The rainforests of South America are a little lonelier now, with the highly likely or confirmed extinction of eight bird species.
According to a statistical analysis conducted by BirdLife International and published in the journal Biological Conservation, five of the eight likely extinctions occurred in South America, the result of deforestation. This bucks the trend of small-island birds going extinct due to invasive species or hunting.
"People think of extinctions and think of the dodo, but our analysis shows that extinctions are continuing and accelerating today," Stuary Butchart, the chief scientist for BirdLife International, told The Guardian. "Historically 90 percent of bird extinctions have been small populations on remote islands. Our evidence shows there is a growing wave of extinctions washing over the [South American] continent driven by habitat loss from unsustainable agriculture, drainage and logging."
No longer taking to the skies
BirdLife conducted an eight-year study of 51 critically endangered bird species, weighing three factors: intensity of threats, timing and reliability of records and the timing and quantity of search efforts for the species. They then applied this approach to those species and concluded that their methods not only aligned with the status of many birds on the International Union for Conservation of Nature's (IUCN) Red List, but that some of those birds needed to be reclassified as extinct.
The reclassification of those birds was pending based on the outcome of the BirdLife study. Three of the species were deemed extinct, one extinct in the wild and the remaining four are either incredibly close to extinct if they aren't already.
The three species that were deemed extinct were the the Brazilian cryptic treehunter (Cichlocolaptes mazarbarnetti), the Brazilian alagoas foliage-gleaner (Philydor novaesi) and the Hawaiian black-faced honeycreeper (Melamprosops phaeosoma), also known as the poo-uli. These species were last seen in 2007, 2011 and 2004, respectively.
The Spix's macaw (Cyanopsitta spixii) was classified as being extinct in the wild. The bird was featured in the 2011 animated film "Rio." That movie chronicled the story of two fictional macaws, one captive and one wild, breeding together in an effort to save the species (but in a family-friendly way). BirdLife's study indicates that the species like went extinct in the wild around 2000, making the plot of "Rio" a little bit late. Only 70 individuals exist in captivity. (It's worth noting that the Association for the Conservation of Threatened Parrots has been working to bring the bird back from extinction in the wild in the Caatinga Region of Brazil through the Spix's Macaw De-Extinction Project.)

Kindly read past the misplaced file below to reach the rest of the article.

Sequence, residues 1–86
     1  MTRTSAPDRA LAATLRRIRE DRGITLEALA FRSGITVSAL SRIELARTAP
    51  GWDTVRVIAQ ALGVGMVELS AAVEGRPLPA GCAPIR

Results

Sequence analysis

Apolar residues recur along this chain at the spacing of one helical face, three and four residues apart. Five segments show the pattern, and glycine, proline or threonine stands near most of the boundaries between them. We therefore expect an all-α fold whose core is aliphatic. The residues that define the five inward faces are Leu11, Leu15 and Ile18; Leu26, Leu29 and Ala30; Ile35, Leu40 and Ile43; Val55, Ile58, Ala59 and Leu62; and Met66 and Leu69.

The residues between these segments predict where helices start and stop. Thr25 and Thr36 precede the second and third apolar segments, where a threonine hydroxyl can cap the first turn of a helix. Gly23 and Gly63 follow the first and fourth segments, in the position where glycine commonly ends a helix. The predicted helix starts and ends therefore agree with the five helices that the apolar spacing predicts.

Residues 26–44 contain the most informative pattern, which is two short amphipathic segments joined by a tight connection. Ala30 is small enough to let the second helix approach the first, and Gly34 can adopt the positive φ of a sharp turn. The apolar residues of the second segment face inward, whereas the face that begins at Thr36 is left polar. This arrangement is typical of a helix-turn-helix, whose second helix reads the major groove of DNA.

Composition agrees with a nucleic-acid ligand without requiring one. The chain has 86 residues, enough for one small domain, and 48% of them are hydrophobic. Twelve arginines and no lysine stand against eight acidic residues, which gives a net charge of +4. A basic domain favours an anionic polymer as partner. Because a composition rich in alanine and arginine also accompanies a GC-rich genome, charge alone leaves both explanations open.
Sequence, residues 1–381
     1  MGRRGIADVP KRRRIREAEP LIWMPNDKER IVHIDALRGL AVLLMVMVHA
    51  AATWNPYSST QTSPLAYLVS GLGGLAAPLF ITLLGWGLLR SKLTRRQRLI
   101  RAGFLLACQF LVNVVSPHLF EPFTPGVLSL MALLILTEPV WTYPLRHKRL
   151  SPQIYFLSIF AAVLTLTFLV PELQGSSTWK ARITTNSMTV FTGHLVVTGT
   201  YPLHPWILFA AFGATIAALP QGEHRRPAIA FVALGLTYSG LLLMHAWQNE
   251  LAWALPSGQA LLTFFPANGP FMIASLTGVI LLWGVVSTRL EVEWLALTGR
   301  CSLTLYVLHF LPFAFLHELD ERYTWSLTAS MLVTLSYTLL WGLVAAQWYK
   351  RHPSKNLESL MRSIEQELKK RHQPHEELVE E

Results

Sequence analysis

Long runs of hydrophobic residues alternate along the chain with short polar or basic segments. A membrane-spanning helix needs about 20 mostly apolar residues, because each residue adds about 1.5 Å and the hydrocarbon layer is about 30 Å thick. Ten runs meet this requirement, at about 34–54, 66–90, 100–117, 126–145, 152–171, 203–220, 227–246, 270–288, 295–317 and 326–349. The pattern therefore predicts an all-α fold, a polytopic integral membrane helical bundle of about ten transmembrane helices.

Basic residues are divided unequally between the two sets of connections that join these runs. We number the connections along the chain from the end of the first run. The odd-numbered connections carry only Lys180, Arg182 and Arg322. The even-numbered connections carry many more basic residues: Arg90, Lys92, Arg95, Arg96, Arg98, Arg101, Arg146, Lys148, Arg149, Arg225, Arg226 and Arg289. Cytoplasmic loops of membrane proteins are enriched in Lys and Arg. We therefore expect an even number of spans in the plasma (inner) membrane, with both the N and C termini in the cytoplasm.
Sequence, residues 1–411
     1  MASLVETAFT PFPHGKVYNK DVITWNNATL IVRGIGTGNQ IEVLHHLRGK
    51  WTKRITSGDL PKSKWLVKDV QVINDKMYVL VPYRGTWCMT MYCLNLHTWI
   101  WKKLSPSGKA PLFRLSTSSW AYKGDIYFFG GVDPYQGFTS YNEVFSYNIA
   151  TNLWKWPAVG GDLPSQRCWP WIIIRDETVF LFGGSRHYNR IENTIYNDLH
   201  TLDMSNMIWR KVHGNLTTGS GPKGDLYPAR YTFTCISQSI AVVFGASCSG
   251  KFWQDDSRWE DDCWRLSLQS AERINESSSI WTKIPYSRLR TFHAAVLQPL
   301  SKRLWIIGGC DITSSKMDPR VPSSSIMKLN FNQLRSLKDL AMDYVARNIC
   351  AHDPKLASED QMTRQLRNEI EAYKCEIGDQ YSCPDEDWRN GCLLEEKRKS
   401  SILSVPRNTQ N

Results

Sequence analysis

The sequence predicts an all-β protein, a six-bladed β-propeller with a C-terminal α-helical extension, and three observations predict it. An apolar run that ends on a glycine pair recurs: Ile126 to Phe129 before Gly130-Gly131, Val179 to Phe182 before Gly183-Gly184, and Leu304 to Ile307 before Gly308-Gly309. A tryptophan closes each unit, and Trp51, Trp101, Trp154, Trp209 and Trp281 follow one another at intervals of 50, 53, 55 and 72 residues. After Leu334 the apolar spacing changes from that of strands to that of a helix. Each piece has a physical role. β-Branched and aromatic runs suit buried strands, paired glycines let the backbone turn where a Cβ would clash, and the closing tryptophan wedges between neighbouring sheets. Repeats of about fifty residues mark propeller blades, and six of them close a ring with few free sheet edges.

BirdLife has recommended that the remaining birds — the glaucous macaw (Anodorhynchus glaucus), the Pernambuco pygmy owl (Glaucidium mooreorum), the New Caledonian lorikeet (Charmosyna diadema) and the Javan lapwing (Vanellus macropterus) — be reclassified as critically endangered (possibly extinct) as none of them has been seen since before 2001.
This classification is considered an extremely cautious one, according to Butchart, since it basically means the birds are extinct. However, classifying the birds as extinct could lead to conservation efforts being abandoned, something that could hasten the birds' demise.
"We've got limited conservation resources so we need to spend these wisely and effectively. If some of these species have gone, we need to redirect these resources to those that remain," Butchart told The Guardian.
"Obviously it's too late to help some of these iconic species but because we know birds better than any other taxonomic class, we know which other species are most at risk. We hope this study will inspire a redoubling of efforts to prevent other extinctions."